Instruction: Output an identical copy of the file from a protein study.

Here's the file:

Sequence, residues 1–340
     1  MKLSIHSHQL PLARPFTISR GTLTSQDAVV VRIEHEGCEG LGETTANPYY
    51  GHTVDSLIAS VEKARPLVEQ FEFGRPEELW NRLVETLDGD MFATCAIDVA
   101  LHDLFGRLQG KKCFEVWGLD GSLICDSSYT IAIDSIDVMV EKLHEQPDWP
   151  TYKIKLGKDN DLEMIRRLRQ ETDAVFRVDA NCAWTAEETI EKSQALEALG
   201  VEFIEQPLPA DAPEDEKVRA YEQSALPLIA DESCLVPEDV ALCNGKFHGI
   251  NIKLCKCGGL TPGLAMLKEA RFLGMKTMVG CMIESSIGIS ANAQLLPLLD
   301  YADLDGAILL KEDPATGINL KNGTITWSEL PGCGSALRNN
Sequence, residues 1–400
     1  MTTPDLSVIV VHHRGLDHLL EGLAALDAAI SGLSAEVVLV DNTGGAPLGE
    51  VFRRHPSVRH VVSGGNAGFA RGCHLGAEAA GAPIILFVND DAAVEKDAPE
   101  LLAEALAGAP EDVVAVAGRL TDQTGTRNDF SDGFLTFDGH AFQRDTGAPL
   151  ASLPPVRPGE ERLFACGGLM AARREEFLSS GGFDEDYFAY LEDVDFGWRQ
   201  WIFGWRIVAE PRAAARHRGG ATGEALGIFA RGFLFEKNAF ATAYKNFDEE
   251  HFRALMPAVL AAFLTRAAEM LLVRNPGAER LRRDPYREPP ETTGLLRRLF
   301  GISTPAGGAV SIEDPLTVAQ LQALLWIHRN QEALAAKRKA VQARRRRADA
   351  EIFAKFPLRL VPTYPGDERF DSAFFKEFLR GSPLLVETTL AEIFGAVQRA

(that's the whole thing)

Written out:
Sequence, residues 1–340
     1  MKLSIHSHQL PLARPFTISR GTLTSQDAVV VRIEHEGCEG LGETTANPYY
    51  GHTVDSLIAS VEKARPLVEQ FEFGRPEELW NRLVETLDGD MFATCAIDVA
   101  LHDLFGRLQG KKCFEVWGLD GSLICDSSYT IAIDSIDVMV EKLHEQPDWP
   151  TYKIKLGKDN DLEMIRRLRQ ETDAVFRVDA NCAWTAEETI EKSQALEALG
   201  VEFIEQPLPA DAPEDEKVRA YEQSALPLIA DESCLVPEDV ALCNGKFHGI
   251  NIKLCKCGGL TPGLAMLKEA RFLGMKTMVG CMIESSIGIS ANAQLLPLLD
   301  YADLDGAILL KEDPATGINL KNGTITWSEL PGCGSALRNN
Sequence, residues 1–400
     1  MTTPDLSVIV VHHRGLDHLL EGLAALDAAI SGLSAEVVLV DNTGGAPLGE
    51  VFRRHPSVRH VVSGGNAGFA RGCHLGAEAA GAPIILFVND DAAVEKDAPE
   101  LLAEALAGAP EDVVAVAGRL TDQTGTRNDF SDGFLTFDGH AFQRDTGAPL
   151  ASLPPVRPGE ERLFACGGLM AARREEFLSS GGFDEDYFAY LEDVDFGWRQ
   201  WIFGWRIVAE PRAAARHRGG ATGEALGIFA RGFLFEKNAF ATAYKNFDEE
   251  HFRALMPAVL AAFLTRAAEM LLVRNPGAER LRRDPYREPP ETTGLLRRLF
   301  GISTPAGGAV SIEDPLTVAQ LQALLWIHRN QEALAAKRKA VQARRRRADA
   351  EIFAKFPLRL VPTYPGDERF DSAFFKEFLR GSPLLVETTL AEIFGAVQRA